Self-Driving Cars Could Change How Cities Are Built

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Self-driving cars won’t just revolutionize the way we use transport but many believe they will also alter the way houses and cities are built.

In a report by MIT’s Center for Real Estate, it has been suggested that autonomous ride-hailing services could become so commonplace that there won’t be a need for street parking, allowing developers to build wider sidewalks and additional bike lanes.

Additionally, Bloomberg asserts that housing developers may stop building garages, allowing for greater living space in houses around the world. Self-driving vehicles may also allow developers to create properties further from major cities as consumers will be willing to accept longer commute times if an autonomous vehicle is doing all the driving for them.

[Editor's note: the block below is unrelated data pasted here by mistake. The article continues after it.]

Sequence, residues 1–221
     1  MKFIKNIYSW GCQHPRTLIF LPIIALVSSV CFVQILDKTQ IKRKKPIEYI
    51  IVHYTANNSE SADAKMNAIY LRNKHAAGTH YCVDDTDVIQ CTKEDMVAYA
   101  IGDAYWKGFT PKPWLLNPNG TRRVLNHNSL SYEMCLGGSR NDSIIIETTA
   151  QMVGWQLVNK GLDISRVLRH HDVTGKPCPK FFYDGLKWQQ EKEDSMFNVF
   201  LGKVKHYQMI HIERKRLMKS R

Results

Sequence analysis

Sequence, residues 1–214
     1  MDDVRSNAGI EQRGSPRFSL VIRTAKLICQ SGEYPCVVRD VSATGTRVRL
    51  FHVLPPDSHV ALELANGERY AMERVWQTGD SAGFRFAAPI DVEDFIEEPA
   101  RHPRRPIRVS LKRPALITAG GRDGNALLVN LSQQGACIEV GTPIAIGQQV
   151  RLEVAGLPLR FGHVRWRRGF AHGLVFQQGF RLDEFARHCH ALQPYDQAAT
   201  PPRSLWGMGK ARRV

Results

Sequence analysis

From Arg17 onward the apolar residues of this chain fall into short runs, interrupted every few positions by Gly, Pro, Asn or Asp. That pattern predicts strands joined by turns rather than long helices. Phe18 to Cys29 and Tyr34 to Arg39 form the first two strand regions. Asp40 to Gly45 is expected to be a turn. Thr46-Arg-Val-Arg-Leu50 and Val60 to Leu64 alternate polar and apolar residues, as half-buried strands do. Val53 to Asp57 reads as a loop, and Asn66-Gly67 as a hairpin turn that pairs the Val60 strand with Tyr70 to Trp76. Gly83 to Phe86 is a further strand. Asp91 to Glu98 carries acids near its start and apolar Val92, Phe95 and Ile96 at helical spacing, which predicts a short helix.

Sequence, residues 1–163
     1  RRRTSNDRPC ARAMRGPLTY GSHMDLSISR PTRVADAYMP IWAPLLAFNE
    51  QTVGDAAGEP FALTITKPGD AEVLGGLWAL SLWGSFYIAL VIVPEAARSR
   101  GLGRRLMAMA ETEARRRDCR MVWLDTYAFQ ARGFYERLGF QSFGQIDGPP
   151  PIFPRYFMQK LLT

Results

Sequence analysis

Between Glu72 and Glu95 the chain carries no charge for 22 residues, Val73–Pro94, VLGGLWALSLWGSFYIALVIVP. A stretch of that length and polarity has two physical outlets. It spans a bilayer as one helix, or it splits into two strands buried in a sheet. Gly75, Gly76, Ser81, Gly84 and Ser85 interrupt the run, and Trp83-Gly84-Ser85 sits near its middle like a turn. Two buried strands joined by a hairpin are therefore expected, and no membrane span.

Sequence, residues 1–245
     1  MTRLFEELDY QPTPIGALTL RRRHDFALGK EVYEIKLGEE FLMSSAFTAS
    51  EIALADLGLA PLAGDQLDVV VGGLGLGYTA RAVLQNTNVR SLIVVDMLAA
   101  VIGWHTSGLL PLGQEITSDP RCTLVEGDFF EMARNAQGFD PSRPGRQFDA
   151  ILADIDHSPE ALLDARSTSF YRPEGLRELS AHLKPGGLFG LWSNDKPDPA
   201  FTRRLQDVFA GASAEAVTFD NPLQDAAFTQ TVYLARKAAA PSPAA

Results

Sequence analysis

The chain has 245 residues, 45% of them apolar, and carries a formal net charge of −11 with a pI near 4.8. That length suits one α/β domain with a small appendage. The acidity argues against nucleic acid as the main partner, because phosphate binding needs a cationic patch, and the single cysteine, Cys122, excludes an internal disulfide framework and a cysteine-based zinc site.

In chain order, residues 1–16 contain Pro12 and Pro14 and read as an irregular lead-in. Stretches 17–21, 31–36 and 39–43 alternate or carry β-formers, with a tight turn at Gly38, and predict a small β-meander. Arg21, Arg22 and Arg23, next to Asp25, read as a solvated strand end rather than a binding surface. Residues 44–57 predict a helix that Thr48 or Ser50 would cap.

According to a co-author of the paper, Albert Saiz, self-driving cars will also allow developers to redevelop gas stations, car dealerships and parking structures as car ownership declines.

While autonomous vehicles have the capacity to alter landscapes, they won’t do so anytime soon. For example, a study from the Regional Plan Association doesn’t believe land use planning will be altered, in New York for example, until at least 2040.

Furthermore, governments around the world still need to decide on how to regulate self-driving vehicles. Not only will the technology slash billions of dollars in government revenue acquired through parking tickets and vehicle registrations, but governments may have to respond to roads flooded with self-driving vehicles from fleet companies.

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